Poverty and Root Causes of Resistance in Developing Countries
Antimicrobial use provides selective pressure for resistant strains but there are other factors that combine with use to promote the emergence and spread of resistant bacteria, mobile elements, and genes. Many of these factors are only superficially understood, if at all, and are complicated to study. Comparative antimicrobial resistance data from populations with different risk factors for resistance are hard to come by and inevitably suffer from bias. Nonetheless, a few studies document regional variations in resistance and some provide clues about factors that might exacerbate resistance. Data from these studies appear to suggest that antimicrobial misuse, prophylactic use, diagnostic imprecision, and interpersonal spread are key factors in the selection and dissemination of resistant strains. All these factors are promoted by poverty at the individual patient, health system, and national levels.
KeywordsPoor Country Poor People Refugee Camp Secure Supply Chain Resistance Containment
INO is a Branco Weiss Fellow of the Society-in-Science, ETHZ, Zürich, Switzerland.
- Berkley, J. A., Lowe, B. S., Mwangi, I., Williams, T., Bauni, E., Mwarumba, S., Ngetsa, C., Slack, M. P., Njenga, S., Hart, C. A., Maitland, K., English, M., Marsh, K., and Scott, J. A. 2005. Bacteremia among children admitted to a rural hospital in Kenya. N. Engl. J. Med. 352:39–47.CrossRefPubMedGoogle Scholar
- Lamikanra, A. and Okeke, I. N. 1997. A study of the effect of the urban/rural divide on the incidence of antibiotic resistance in Escherichia coli. Biomed. Lett. 55:91–97.Google Scholar
- Lee, N. Y., Song, J. H., Kim, S., Peck, K. R., Ahn, K. M., Lee, S. I., Yang, Y., Li, J., Chongthaleong, A., Tiengrim, S., Aswapokee, N., Lin, T. Y., Wu, J. L., Chiu, C. H., Lalitha, M. K., Thomas, K., Cherian, T., Perera, J., Yee, T. T., Jamal, F., Warsa, U. C., Van, P. H., Carlos, C.C., Shibl, A. M., Jacobs, M. R., and Appelbaum, P. C. 2001. Carriage of antibiotic-resistant pneumococci among Asian children: a multinational surveillance by the Asian Network for Surveillance of Resistant Pathogens (ANSORP). Clin. Infect. Dis. 32:1463–1469.CrossRefGoogle Scholar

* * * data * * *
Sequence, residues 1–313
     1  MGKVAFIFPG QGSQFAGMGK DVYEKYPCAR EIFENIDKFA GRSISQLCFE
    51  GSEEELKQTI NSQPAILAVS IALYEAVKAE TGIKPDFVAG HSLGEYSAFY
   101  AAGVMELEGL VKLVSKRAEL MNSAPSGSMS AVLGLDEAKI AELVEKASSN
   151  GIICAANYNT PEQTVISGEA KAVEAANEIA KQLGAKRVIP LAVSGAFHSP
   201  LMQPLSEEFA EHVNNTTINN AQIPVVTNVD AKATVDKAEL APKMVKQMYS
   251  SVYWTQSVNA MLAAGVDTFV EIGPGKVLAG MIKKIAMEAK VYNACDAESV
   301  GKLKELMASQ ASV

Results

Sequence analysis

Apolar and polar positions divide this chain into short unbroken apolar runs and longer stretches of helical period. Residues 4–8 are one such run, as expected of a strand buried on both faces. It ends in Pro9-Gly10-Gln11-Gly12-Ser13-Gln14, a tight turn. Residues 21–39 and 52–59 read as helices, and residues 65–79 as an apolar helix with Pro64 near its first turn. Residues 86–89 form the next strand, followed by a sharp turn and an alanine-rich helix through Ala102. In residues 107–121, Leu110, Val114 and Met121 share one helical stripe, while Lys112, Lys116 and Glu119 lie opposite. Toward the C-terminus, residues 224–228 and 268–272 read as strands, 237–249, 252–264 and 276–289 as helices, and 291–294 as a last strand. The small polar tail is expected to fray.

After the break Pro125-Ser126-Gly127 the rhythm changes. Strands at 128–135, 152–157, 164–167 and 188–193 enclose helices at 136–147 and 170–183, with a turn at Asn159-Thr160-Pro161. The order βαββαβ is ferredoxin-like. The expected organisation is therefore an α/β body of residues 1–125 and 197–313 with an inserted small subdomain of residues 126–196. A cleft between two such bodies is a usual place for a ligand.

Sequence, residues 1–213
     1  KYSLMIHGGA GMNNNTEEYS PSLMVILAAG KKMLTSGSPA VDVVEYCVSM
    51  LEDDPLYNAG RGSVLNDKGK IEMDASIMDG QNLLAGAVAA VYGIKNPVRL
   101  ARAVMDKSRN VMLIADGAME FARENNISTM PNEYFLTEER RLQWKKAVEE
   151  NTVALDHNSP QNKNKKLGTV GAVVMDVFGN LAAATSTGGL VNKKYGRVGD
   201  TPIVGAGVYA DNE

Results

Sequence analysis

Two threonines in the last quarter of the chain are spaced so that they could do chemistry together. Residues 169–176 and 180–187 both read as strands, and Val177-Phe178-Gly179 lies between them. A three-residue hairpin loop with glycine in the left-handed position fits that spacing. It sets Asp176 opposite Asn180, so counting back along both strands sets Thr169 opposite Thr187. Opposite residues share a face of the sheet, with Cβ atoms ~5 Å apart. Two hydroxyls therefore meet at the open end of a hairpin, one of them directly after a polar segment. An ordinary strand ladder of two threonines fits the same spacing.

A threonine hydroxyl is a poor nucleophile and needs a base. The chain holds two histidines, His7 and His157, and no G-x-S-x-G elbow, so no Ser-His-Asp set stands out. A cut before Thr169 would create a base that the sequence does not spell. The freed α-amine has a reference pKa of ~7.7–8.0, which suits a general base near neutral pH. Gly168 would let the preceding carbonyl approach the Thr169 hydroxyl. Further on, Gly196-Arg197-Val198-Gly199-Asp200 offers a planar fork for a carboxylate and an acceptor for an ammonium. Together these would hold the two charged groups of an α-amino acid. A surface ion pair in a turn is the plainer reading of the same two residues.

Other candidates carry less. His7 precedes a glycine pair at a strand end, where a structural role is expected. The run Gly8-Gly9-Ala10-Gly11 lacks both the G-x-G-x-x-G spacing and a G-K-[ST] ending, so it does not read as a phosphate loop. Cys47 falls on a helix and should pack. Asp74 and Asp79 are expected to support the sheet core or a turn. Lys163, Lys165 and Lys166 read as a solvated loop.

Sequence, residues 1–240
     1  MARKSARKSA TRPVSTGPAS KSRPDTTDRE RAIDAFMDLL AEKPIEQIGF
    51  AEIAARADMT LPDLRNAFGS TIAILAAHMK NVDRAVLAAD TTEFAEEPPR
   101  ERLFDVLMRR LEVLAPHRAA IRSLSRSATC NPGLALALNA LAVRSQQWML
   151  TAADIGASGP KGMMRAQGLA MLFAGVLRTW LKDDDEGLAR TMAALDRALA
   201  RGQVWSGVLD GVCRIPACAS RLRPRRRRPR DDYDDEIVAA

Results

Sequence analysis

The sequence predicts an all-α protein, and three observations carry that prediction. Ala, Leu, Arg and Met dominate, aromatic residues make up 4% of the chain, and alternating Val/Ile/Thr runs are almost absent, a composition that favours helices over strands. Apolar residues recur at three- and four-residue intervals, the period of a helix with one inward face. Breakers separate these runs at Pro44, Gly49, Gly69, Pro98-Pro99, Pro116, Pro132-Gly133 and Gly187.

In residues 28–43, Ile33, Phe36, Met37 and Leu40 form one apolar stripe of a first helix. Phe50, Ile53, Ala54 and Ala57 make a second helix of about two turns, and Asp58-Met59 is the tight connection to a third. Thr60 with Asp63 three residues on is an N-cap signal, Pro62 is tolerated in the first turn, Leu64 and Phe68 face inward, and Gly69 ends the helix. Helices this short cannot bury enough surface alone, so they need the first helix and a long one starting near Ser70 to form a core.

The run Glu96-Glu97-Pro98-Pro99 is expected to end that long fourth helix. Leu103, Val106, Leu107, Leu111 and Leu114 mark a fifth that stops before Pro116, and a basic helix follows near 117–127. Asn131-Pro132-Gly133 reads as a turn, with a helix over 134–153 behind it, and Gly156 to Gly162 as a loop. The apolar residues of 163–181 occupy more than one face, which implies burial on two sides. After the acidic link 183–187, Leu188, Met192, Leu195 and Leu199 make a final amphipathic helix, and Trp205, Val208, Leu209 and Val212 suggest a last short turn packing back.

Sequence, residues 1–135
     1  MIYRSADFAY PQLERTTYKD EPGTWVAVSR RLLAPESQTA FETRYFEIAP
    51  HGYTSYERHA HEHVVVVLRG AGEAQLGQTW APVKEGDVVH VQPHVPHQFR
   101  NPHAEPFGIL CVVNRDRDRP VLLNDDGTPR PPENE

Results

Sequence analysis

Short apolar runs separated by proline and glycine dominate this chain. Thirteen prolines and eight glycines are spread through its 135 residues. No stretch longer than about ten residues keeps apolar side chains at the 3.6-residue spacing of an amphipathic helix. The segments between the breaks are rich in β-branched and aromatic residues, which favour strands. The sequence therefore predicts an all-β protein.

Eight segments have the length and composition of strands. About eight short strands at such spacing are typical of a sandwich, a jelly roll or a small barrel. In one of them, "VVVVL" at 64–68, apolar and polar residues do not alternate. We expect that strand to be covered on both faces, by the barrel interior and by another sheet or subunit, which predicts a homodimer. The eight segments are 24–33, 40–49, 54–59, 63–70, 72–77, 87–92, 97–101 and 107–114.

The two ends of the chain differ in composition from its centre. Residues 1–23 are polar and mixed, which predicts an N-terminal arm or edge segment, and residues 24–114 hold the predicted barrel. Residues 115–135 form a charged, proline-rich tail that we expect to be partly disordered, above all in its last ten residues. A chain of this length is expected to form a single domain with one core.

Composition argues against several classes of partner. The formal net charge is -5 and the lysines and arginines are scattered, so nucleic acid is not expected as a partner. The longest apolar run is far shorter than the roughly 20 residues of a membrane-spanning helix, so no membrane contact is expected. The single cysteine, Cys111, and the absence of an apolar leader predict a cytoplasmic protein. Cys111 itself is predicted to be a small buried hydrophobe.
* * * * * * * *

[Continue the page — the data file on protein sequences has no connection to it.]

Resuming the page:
- Okeke, I. 2003. Antibiotic use and resistance in developing countries. In the resistance phenomenon in microbes and infectious disease vectors: implications for human health and strategies for containment – Workshop Summary, ed. S. Knobler, S. Lemon, M. Najafi, and T. Burroughs, pp. 132–139. Washington DC: Institute of Medicine, National Academy of Science.Google Scholar
- Okeke, I. N., Fayinka, S. T., and Lamikanra, A. 2000. Antibiotic resistance in Escherichia coli from Nigerian students, 1986 1998. Emerg. Infect. Dis. 6:393–396.Google Scholar
- Schapira, A. 1994. A standard protocol for assessing the proportion of children presenting with febrile disease who suffer from malarial disease. Geneva: World Health Organization.Google Scholar
- Songsore, J. 2004. Urbanization and health in Africa: exploring the interconnections between poverty, inequality and the burden of disease. Heath Clark Lecture delivered on June 2002 at the London School of Tropical Medicine and Hygiene. Accra: Ghana Universities Press.Google Scholar
- Tsegaye, G. 1998. Assessment of knowledge and practice in urban and rural communities in Jimma zone. J. Health Sci. 8:92–93.Google Scholar
- Victora, C. G., Huicho, L., Amaral, J. J., Armstrong-Schellenberg, J., Manzi, F., Mason, E., and Scherpbier, R. 2006. Are health interventions implemented where they are most needed? District uptake of the integrated management of childhood illness strategy in Brazil, Peru and the United Republic of Tanzania. Bull. World Health Organ. 84:792–801.CrossRefPubMedGoogle Scholar
- Whyte, S. R., Geest, S. V. D., and Hardon, A. 2002. Social lives of medicines. Cambridge: Cambridge University PressGoogle Scholar
- Worku, S. and Abebe, G. 2003. Practice of self medication in Jimma town. Ethiop J. Health Dev. 17:111–116.Google Scholar